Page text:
Quantitative Easing (QE)
A potential peak in Fed’s buying of mortgages and Treasury securities is expected in November 2021, as the Federal Reserve begins tapering.
Quantitative Easing Increases Bank Reserves at the Fed
“The Fed could stop buying securities altogether and reduce its balance sheet, which would also drain liquidity from the market. But the Fed cannot do that because it said it would be slow and deliberate in announcing changes in its monetary policy, and that it might eventually talk about talking about tapering, so it can’t just suddenly do an about-face.” 1
But this liquidity-haywire situation appears to be an emergency that needs to be addressed now, and so the Fed has addressed it through the backdoor via the overnight reverse repos.1
Over $1.1 Trillion in Treasury Securities via Reverse Repos,to Drain Liquidity from the Treasury Market – The Opposite of QE
The Tsunami of Liquidity1
“Everyone has their own theory as to why there is so much demand for Treasury securities. But one thing we know: the banking system is creaking under a huge amount of liquidity.”1
In the second quarter 2021, foreign central banks and government entities, foreign institutional investors and corporate entities, banks and individuals increased their holdings of U.S. Treasuries by $174 billion. Note, China and Japan, the largest holders of U.S. Treasuries, decreased their positions. In an August 10-year T-Note auction, indirect (foreign) purchases accounted for 75% of the demand. Therefore, foreign entities could well account for the over $200 billion increase in holdings of U.S. Treasury securities in the third quarter of 2021, as excess liquidity in Europe flows into the U.S.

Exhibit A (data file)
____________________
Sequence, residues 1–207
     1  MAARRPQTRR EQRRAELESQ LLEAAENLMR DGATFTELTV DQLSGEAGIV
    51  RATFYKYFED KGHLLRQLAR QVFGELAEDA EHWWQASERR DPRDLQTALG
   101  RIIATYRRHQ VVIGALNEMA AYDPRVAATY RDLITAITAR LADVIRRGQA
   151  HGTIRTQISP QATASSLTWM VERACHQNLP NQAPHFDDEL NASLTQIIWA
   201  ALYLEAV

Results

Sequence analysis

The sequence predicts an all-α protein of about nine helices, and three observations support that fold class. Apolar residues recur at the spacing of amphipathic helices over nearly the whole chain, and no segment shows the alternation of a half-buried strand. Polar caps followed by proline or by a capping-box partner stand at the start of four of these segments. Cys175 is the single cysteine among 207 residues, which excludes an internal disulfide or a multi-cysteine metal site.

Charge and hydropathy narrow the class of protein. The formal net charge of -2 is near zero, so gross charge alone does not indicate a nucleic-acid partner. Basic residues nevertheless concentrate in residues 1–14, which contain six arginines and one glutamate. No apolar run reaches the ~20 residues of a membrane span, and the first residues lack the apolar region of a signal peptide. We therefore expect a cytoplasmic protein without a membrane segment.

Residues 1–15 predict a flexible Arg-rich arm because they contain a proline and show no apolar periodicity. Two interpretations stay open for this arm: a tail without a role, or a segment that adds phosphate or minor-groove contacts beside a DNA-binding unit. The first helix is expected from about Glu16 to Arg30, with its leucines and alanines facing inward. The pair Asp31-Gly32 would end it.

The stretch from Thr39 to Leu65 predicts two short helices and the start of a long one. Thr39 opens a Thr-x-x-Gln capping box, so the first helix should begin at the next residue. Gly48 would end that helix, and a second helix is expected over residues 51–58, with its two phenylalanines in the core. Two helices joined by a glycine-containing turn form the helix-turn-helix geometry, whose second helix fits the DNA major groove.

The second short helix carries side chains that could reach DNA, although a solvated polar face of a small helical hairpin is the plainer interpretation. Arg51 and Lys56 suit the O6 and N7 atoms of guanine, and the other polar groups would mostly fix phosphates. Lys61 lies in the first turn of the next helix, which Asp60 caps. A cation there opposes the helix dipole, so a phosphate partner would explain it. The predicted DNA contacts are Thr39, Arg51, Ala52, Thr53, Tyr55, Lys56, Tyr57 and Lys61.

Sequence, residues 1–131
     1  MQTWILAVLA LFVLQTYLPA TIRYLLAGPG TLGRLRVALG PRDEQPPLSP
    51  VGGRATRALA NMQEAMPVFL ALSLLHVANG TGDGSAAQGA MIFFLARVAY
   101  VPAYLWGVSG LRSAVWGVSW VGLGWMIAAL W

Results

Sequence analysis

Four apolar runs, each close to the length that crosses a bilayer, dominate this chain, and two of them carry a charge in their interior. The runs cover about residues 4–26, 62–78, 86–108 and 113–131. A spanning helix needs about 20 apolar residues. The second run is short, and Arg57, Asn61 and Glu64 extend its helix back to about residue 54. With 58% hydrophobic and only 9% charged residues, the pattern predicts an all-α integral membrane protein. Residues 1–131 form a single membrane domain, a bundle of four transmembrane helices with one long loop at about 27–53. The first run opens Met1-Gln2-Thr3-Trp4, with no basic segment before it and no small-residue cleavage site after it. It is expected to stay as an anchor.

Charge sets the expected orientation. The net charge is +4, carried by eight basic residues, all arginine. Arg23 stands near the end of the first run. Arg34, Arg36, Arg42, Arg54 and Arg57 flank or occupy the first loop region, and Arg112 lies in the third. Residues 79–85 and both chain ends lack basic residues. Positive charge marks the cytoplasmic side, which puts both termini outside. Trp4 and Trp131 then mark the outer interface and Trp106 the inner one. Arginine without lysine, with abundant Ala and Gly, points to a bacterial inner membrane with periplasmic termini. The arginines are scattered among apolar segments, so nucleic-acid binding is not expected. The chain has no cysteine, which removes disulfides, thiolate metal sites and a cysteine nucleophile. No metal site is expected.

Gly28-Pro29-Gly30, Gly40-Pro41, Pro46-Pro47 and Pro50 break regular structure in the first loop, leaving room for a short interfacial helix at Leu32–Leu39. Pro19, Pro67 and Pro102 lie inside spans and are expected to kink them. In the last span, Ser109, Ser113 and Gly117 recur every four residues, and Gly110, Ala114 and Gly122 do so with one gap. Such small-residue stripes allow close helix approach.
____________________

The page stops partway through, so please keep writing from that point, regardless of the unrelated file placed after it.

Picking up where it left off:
While the Fed increased its holdings of Treasury Securities by $241 billion in Q2, reverse repos eliminated that liquidity impact. Large foreign European purchases and covering of U.S. hedge fund short positions created the decline in the 10-year yields to the low on July 19th and the weakness in August, despite the Fed’s mopping up excess liquidity. Rising yields in the German 10-year from -0.47% and coming peak in liquidity increase the U.S. 10-year yields toward 2% in the second half of 2021.
European Buyers of U.S. Treasuries and Covering of U.S. Hedge Fund Short Positions Drove Yields to Recent Lows
John E Rickmeier, CFA